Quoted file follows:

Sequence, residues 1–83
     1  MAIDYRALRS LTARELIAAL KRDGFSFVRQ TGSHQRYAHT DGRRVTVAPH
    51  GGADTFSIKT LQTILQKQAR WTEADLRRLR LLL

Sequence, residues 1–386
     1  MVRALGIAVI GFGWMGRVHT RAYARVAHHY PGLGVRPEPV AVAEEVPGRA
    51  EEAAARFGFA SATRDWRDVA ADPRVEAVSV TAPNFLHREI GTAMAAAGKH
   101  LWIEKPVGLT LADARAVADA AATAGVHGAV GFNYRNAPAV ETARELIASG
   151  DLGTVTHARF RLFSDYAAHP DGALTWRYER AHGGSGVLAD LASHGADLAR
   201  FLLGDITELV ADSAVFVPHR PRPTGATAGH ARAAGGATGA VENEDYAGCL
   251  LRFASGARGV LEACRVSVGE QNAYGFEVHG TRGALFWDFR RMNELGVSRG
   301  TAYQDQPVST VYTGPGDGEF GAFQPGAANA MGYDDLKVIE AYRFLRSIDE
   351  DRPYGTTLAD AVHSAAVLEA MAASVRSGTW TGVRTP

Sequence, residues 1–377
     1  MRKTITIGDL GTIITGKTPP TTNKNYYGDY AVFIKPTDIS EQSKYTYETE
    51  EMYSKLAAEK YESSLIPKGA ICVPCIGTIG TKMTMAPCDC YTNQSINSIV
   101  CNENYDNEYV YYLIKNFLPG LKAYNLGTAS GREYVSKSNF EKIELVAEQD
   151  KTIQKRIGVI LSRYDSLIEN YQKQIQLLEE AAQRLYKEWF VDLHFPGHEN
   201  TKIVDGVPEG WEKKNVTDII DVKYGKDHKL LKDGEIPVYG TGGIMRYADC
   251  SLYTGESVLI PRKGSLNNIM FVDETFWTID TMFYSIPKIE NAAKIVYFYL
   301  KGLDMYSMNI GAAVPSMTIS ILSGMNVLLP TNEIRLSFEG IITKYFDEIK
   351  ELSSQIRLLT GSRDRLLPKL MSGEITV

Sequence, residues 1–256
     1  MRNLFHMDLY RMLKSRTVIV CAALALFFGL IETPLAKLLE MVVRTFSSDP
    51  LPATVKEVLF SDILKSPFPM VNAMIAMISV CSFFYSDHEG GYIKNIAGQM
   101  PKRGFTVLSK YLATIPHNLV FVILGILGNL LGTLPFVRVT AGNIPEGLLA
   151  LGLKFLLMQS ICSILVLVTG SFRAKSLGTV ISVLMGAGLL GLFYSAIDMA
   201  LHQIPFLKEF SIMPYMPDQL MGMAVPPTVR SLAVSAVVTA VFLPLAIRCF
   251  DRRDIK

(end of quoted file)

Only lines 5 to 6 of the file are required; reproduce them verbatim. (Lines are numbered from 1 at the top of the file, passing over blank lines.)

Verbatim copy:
     1  MVRALGIAVI GFGWMGRVHT RAYARVAHHY PGLGVRPEPV AVAEEVPGRA
    51  EEAAARFGFA SATRDWRDVA ADPRVEAVSV TAPNFLHREI GTAMAAAGKH